Have you ever asked to view more ads, or would you prefer to skip ads and go for content? Do you forward through Game of Thrones to get to the ads?
Surprising answer: chances are that you have skipped content to willingly ask for ads. I’ll explain now.
You can read through a (rather bland, considering how energetic the talk was) bulleted list of highlights in the second link above, but the main takeaways for me are:
- Mobile market is huge, growing explosively, and everything is accelerating.
- Don’t eschew the low-tech stuff like SMS and MMS in favour of something more flashy – you might not need an expensive app.
- Content drives better sales.
The mobile media (read: advertising) market has grown from $0 in 1998 to $236 billion in 2013. Ahonen puts this into perspective: this is bigger than Hollywood, Nollywood, Bollywood, the global radio industry, all of computer gaming, and the global music industry. Combined. Nothing compares. And this growth is accelerating.
Do you remember when everyone clicked that the Internet was going to be huge? OK, cynically, that insight drove the Internet bubble – contextless macro-scale insight cannot drive micro-scale innovation unless you plan well. We needed web 2.0 to mature a bit.
We are now at the point where everyone clicks that mobile will be huge, bigger than the internet. Already there are more mobile devices on the planet than there are people. And people keep these devices on their person, most (if not all) of the time. Are you planning for this?
Low tech mobile solutions like SMS and MMS get a boring rap – but Ahonen quotes research that puts SMS usage above Facebook use – among teens in the US, the so-called “facebook generation”. More interesting, though, are stats from a telemarketing survey in the UK:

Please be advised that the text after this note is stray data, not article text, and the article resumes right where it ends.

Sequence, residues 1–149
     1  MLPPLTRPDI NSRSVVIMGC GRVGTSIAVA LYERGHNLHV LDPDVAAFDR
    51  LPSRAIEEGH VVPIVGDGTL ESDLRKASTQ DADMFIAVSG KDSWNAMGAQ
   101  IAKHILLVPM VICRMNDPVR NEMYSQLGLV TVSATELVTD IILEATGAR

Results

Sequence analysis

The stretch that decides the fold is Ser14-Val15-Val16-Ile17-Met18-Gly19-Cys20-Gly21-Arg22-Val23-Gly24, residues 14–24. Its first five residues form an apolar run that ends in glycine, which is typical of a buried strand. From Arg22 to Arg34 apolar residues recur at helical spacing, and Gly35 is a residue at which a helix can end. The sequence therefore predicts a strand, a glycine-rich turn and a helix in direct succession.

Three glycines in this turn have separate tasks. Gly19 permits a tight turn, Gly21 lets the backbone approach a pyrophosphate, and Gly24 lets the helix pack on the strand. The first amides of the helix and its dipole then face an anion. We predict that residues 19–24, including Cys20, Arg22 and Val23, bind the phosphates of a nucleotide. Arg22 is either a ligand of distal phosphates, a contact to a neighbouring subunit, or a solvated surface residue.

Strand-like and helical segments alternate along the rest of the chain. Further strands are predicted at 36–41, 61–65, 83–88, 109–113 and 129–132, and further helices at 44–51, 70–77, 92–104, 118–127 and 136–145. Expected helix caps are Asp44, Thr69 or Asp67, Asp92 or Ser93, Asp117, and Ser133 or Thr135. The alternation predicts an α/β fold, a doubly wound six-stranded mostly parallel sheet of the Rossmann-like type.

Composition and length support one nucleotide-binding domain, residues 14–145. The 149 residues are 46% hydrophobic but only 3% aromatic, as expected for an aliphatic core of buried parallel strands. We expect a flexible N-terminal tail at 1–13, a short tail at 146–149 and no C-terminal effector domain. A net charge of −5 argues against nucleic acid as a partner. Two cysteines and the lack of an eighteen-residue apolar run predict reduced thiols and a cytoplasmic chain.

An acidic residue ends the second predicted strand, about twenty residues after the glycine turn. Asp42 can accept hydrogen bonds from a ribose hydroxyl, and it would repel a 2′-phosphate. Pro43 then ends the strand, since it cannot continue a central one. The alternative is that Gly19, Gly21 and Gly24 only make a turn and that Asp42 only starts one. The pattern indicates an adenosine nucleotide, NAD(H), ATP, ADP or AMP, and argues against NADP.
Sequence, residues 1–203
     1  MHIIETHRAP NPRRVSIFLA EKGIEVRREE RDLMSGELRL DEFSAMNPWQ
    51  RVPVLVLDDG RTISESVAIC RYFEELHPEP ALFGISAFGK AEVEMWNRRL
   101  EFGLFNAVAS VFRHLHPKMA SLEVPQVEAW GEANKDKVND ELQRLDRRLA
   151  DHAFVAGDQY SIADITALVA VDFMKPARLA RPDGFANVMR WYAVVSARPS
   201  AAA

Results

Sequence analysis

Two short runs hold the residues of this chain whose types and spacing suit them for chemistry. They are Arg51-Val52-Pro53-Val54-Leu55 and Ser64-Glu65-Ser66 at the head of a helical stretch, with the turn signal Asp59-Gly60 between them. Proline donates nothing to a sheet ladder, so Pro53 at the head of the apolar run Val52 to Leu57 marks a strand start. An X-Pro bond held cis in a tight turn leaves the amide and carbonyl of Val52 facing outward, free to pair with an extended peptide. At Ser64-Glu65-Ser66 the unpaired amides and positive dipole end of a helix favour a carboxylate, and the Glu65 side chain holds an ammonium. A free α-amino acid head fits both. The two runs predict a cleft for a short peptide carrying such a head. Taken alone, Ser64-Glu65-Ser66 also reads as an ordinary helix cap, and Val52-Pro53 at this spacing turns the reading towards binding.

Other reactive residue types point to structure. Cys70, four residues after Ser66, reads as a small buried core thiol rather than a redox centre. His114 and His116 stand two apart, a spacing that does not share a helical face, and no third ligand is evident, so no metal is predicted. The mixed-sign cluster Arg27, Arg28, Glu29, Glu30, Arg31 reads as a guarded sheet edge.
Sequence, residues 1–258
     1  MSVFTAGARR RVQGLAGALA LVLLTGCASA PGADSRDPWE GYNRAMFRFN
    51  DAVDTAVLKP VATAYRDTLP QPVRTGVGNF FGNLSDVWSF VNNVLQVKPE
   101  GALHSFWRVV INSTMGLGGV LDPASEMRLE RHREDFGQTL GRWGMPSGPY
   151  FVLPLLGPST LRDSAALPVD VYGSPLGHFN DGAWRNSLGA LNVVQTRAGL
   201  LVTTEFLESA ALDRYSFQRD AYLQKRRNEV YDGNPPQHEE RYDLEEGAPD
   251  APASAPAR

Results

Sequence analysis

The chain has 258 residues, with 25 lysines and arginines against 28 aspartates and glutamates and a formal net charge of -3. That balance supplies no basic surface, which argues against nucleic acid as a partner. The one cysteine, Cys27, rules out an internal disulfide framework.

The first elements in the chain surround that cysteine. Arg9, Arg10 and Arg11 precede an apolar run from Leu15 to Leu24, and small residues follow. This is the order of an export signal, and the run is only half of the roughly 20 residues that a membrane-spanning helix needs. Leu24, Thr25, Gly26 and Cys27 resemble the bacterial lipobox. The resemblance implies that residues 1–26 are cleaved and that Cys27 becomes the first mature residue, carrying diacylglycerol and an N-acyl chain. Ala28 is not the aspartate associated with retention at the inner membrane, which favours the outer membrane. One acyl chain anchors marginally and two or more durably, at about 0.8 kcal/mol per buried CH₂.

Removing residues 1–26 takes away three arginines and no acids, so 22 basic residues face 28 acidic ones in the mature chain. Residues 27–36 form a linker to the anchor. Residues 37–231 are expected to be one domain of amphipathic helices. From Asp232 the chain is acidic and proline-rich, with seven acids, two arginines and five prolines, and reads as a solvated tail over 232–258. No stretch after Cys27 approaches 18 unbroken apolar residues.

- 89% of consumers would like to receive delivery notices via SMS, but only 26% have received any;
- 84% of consumers would like appointment reminders via SMS but only 29% have received any;
- and 68% of consumers would like opt-in SMS offers from brands that they purchased from in the past three months, but only 12% have received any.
There is clearly a large gap between consumer attitudes on mobile content and what we make available, and the focus is too much on high tech and not on pervasive tech (like SMS).
Which brings me back to Ahonen’s question about asking for more ads. “Have you ever used the recommendation feature on Amazon?” he asked. If you have, then you have asked for more ads to be served, as a form of content. The recommendation feature drives 30% of Amazon sales! I certainly page through it regularly and have discovered amazing books through it.
The point is that it is advertising, but such good advertising that it becomes content. It’s valuable content, too, not just fluff.
Ahonen’s implicit message was: provide real value and on move away from the scatter-gun spam approach we see in mobile marketing. Instead, provide real value, but make sure it drives sales. Use existing, cheap tech to do so.